Vikander makes for a buff and earnest action hero, but it would fun to see her in a story that resonates more. This one felt too much like a Scooby-Doo feature-length film, with scenes that make you flash back to Indiana Jones, 20,000 Leagues Under the Sea, National Treasure, and others.  We’ve seen most of it before, and Vikander herself said that she was thinking, “’There’s not enough women, where are they?’ I was running around looking for them.” Aside from Kristin Scott Thomas, Vikander is the only other female main character, and neither of them is the feminist icon that Wonder Woman or the supporting cast of Black Panther projected. More than a lost father, that’s what this film’s hero should have been looking for, and maybe she’ll get another chance with a more original script. The final grade is a compromise among family members.

Language: Fewer than a dozen mild profanities, with one half-uttered f-bomb.
Sex: n/a
Violence: Lots of shooting, stabbing, choking, impaling
Adult situations: Some intoxication (which sets up a joke), a scary skeleton, and a part of that skeleton broken off
Takeaway: Vikander should have held out for a Marvel hero

Review of BLACK PANTHER (Blu-ray)

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Grade:  A
Entire family:  No
2018, 134 min., Color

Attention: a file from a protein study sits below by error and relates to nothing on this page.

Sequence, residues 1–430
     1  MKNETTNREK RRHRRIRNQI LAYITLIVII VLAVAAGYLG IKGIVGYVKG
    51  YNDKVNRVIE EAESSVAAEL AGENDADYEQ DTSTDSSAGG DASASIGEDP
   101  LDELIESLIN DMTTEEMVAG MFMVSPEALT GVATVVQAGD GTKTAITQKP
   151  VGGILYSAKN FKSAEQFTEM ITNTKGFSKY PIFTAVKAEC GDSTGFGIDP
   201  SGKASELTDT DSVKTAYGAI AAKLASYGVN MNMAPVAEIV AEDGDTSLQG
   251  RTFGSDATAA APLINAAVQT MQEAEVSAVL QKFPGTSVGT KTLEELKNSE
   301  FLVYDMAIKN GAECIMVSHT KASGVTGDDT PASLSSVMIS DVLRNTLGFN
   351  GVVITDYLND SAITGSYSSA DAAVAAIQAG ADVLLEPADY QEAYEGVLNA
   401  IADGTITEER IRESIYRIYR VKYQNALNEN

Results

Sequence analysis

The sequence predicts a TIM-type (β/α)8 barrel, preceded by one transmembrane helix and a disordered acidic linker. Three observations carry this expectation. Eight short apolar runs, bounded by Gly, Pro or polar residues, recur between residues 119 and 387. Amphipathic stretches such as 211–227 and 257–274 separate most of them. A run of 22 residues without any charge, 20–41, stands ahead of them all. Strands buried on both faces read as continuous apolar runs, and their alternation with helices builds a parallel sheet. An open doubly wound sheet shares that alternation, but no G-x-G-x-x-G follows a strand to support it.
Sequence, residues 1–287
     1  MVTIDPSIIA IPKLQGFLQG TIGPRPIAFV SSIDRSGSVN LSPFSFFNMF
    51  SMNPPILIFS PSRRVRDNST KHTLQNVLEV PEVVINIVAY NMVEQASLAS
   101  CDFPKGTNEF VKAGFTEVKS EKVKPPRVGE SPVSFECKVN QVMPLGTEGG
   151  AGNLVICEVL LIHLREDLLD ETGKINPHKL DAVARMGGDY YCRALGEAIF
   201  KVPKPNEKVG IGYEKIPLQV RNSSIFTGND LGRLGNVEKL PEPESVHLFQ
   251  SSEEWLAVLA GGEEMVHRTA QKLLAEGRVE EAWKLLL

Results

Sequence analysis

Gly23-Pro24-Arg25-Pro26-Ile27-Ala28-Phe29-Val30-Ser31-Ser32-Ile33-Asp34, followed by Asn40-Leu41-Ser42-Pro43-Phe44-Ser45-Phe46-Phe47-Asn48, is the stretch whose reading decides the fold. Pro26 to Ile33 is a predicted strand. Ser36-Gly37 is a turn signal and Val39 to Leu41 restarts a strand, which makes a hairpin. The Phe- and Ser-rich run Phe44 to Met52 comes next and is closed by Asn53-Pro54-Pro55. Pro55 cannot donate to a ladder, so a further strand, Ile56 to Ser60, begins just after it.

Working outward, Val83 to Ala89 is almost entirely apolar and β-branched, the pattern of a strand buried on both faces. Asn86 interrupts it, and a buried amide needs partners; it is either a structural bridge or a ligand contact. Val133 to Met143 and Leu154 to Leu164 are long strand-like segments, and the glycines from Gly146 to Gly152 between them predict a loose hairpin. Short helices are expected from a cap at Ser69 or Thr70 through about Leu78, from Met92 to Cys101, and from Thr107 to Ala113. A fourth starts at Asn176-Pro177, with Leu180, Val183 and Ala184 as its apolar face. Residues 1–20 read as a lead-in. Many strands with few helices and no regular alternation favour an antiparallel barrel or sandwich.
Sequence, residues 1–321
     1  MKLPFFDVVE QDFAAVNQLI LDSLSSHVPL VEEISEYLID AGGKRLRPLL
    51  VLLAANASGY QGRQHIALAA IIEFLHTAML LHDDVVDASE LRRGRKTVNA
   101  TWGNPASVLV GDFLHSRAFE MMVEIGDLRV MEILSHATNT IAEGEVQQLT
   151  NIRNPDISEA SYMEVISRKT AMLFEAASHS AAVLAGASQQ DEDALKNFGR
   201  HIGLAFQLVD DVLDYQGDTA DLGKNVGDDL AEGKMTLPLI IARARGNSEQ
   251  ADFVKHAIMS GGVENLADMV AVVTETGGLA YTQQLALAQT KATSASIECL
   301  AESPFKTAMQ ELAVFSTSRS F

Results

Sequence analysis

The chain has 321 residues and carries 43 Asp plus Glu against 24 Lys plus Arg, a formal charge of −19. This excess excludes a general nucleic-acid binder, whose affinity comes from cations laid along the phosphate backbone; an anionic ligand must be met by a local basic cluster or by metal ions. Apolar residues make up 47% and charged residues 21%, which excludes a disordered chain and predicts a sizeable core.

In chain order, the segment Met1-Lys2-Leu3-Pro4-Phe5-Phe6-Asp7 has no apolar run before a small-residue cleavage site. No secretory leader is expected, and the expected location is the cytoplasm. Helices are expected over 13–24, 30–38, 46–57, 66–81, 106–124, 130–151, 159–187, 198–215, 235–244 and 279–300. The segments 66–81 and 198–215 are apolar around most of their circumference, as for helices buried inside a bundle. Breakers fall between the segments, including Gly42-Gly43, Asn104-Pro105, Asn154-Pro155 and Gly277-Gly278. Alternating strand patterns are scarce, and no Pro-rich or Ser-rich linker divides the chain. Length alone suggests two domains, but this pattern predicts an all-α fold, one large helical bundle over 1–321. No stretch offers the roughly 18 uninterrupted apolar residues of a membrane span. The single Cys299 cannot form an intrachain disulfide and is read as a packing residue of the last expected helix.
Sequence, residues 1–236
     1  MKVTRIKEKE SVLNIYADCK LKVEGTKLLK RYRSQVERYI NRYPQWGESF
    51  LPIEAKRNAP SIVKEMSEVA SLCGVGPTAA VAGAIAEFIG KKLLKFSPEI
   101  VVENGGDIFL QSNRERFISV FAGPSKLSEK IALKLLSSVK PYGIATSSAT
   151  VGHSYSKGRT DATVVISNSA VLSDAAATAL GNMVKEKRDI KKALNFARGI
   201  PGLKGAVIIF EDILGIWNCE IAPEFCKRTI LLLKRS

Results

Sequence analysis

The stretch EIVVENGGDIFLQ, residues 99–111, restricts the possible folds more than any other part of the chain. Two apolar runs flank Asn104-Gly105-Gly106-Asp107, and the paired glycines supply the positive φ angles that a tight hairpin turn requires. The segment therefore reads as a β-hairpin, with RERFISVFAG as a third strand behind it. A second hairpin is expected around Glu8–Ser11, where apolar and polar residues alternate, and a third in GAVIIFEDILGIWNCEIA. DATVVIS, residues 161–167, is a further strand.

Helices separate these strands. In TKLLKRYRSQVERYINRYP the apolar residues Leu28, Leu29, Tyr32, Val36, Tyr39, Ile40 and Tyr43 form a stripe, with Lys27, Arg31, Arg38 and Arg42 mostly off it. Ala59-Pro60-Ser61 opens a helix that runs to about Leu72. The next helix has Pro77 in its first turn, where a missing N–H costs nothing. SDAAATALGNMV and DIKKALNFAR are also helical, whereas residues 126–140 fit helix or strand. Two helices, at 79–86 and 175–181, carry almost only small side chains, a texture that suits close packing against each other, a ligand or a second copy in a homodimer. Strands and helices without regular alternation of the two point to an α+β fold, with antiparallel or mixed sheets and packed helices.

Sci-Fi action adventure
Marvel/Disney
Rated PG-13 for prolonged sequences of action violence and a brief rude gesture
Aspect ratio: 2.39:1 widescreen
Featured audio: DTS-HDMA 7.1
Bonus features: B+
Includes: Blu-ray, Digital Copy
Trailer
Amazon link

Everything you’ve heard about Black Panther is true. It is a contender for best film in the 18-title Marvel Universe.

Despite a 134-minute runtime, you don’t want this ride to end. You get caught up in the action because it isn’t just nonstop effects-driven nonsense with battles that go on too long. The action feels character-driven, and you care about these characters because they’re richly drawn, with so many of them—even the ones without a backstory— sympathetic because of their on-camera interactions and dialogue. That’s one huge thing this film has going for it. Instead of one big nefarious villain there are three antagonists, and that keeps viewers on their toes.